Tuesday, August 3, 2010: 8:00 PM
303-304, David L Lawrence Convention Center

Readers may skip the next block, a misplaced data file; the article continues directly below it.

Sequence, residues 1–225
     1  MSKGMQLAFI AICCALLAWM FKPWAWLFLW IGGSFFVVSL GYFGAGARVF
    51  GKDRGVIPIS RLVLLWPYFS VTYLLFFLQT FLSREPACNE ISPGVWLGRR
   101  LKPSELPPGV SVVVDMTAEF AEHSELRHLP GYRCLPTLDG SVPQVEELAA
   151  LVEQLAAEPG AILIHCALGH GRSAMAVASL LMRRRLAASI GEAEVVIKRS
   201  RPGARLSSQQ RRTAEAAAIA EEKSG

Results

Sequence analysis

The impacts of extreme climatic events (prolonged floods, droughts, and hurricanes) are expected to increase in frequency and intensity. The cumulative effects of these events are likely to exceed the adaptive capacity of many species in coastal rivers, lakes and wetlands. Many freshwater ecosystems have thresholds that determine when biotic diversity and natural processes can be lost or sustained. The loss of key species result in shifts that result in a rapid decline in the provisioning of clean, disease-free water supplies and loss of riparian or coastal protection. Studies on variability of rainfall in the Okefenokee Swamp in Georgia provide insights to how past and recent climatic drivers altered species dominance and ecosystem functions. For example, prolonged droughts have resulted in burning of peat and loss of carbon storage capacities. Hurricanes flood the wetland and alter species distributions and functions. Other examples include how protective levees have been redesigned to meet environmental extremes. These “hard” engineering responses are often insufficient if biotic processes provided by natural wetlands and riparian zones are ignored. Wetland habitats in drainage basins have important economic values that can be compared to derive new concepts needed for adapting to climatic uncertainty and tipping points that define the limits of these processes.